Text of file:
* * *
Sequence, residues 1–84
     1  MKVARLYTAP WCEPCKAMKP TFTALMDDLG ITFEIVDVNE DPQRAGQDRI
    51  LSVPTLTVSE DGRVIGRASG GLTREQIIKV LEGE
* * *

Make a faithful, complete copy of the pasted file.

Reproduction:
Sequence, residues 1–84
     1  MKVARLYTAP WCEPCKAMKP TFTALMDDLG ITFEIVDVNE DPQRAGQDRI
    51  LSVPTLTVSE DGRVIGRASG GLTREQIIKV LEGE